As one of Tony Blair's most outspoken ministers, Peter Hain's "licence to thrill" has long allowed him to say things that would have killed off the careers of less favoured members of the Government.
The Neath MP's move to Leader of the House of Commons will allow him to retain his penchant for plain speaking, while making the most of his impressive media skills.
His new job means that he will have an even wider brief to appear on television and radio, in effect replacing John Reid as minister for the Today programme.
Even before his elevation to the Cabinet, Mr Hain enjoyed a higher profile than more senior colleagues, first finding fame as a young anti-apartheid campaigner who led protests against South African sporting tours.
Peter Gerald Hain was born in South Africa on 16 February 1950 to the anti-apartheid activists Walter and Adelaine. He attended Pretoria Boys High School but his family was forced to flee the country when he was 16. Arriving in Britain, he studied at Emanuel School, Wandsworth, before taking a degree at Queen Mary College, London University, and a Masters at Sussex University.
His campaigns against the 1969 rugby and 1970 cricket tours brought him to such national prominence that the South African security services tried to frame him for a bank robbery in 1975, but he was acquitted. He married his wife, Patricia, the same year. They had two sons, but later separated. He is now a grandfather.
Mr Hain's first entanglement with British party politics was as chair of the Young Liberals but in 1976 he began a career as a trade union official. He joined Labour the following year.
He entered the Commons as MP for Neath at a 1991 by-election and swift promotion through the ranks followed in Opposition. When Labour came to power in 1997, he was made a minister at the Welsh Office.
He infuriated many in the party in Wales by acting as the campaign manager for Alun Michael in the selection battle with Rhodri Morgan to succeed Ron Davies as the party's leader in the principality.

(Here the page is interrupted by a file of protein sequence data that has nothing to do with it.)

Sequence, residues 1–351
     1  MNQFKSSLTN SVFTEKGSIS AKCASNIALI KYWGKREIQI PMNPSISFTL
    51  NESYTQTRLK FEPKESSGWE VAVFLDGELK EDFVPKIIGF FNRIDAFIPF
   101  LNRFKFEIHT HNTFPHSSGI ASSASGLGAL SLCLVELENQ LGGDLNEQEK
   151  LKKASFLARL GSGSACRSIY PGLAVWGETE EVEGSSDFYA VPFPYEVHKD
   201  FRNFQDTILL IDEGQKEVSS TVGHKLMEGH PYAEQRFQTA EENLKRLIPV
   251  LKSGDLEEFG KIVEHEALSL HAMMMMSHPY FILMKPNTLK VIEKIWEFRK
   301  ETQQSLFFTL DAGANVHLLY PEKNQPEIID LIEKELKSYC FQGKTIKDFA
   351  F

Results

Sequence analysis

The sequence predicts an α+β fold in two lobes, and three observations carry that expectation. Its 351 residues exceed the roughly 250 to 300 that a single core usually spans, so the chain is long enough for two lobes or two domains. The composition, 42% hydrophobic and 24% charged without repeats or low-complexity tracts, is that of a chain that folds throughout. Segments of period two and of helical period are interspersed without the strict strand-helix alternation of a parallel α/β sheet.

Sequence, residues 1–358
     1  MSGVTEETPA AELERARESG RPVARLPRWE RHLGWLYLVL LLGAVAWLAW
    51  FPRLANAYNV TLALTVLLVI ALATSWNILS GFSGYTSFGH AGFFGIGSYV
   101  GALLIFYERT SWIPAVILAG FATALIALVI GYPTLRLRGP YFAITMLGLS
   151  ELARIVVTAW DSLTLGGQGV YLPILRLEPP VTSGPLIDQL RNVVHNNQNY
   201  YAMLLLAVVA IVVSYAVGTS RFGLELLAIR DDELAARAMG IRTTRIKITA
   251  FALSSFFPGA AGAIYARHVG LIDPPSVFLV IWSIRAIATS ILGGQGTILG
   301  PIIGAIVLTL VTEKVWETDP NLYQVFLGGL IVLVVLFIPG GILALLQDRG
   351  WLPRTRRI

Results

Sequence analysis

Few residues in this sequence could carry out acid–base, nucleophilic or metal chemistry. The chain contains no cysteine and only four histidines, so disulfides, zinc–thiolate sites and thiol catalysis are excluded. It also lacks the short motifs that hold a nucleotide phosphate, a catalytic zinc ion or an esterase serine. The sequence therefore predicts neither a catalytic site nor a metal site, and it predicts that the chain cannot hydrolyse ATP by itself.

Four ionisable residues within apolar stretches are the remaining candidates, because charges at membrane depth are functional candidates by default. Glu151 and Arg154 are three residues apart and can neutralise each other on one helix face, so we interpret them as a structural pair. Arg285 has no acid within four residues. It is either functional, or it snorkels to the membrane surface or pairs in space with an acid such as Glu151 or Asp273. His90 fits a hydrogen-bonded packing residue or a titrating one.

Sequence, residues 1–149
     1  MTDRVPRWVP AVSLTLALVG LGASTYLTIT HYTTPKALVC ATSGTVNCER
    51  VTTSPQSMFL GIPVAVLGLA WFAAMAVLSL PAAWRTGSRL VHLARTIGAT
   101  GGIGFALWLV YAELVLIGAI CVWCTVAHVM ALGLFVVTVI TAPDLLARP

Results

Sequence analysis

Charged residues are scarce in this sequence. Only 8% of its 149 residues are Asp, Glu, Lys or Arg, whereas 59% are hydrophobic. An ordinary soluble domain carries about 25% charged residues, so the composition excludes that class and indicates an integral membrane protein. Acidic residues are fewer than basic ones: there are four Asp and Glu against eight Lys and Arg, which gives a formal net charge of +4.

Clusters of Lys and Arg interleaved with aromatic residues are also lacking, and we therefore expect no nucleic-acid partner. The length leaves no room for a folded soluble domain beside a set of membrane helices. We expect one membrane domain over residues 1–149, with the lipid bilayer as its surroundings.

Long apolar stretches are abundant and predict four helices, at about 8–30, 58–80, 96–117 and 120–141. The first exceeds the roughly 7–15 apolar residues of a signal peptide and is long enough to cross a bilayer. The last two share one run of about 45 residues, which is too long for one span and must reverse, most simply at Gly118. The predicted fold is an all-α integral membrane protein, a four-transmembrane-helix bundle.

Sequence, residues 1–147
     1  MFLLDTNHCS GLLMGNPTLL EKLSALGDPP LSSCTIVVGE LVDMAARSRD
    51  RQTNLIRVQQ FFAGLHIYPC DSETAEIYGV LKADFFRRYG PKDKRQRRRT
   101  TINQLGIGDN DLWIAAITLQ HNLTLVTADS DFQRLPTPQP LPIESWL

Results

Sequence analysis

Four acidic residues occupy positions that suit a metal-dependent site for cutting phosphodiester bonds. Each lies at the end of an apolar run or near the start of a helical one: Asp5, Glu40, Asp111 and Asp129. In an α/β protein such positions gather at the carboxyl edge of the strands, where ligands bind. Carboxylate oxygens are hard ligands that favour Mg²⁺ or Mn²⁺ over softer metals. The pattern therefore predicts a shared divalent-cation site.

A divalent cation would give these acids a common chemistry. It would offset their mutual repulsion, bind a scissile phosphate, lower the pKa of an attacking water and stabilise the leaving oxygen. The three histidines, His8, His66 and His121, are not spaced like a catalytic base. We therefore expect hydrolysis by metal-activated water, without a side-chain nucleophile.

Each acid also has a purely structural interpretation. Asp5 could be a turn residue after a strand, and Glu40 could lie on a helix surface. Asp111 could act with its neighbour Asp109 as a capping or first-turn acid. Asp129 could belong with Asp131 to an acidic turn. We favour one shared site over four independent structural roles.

But despite the accusations of control freakery and subsequent demise of Mr Michael, Downing Street was so impressed with his willingness to tackle his task that he was moved to the Foreign Office in 1999, before briefly serving as Energy minister in 2001.
It was as Europe minister, however, that he really hit the headlines, repeatedly stressing the benefits of the euro. In one interview with Le Figaro newspaper he was reported as saying that for Britain not to join the euro would be a "tragedy", and that some of those who opposed the euro were actually "the enemies of Europe".
Although he says he was quoted out of context, the remarks earned him a public slap on the wrists from the Chancellor's chief economic adviser, Ed Balls. "I tend to answer the questions I'm asked. I'm not as prudent as I might be," he said.
But he did the job so well that Mr Blair took the unusual step of allowing him to keep his post on the European Convention even after he was promoted to the Cabinet as Welsh Secretary.
Mr Hain's influence has always extended well beyond his brief. He has sat on no fewer than 21 cabinet committees at one time and weighed into Labour's internal debates on the side of the grass roots.
"Politics as a profession has been very seriously devalued by too much spinning from us at the beginning of our government," Mr Hain once said. "The public's appetite for clones, spin and soundbites has long gone."
He infuriated the Tory press last month by claiming that the new EU constitution was largely a "tidying-up exercise". The "licence to thrill" looks certain to stay in place.
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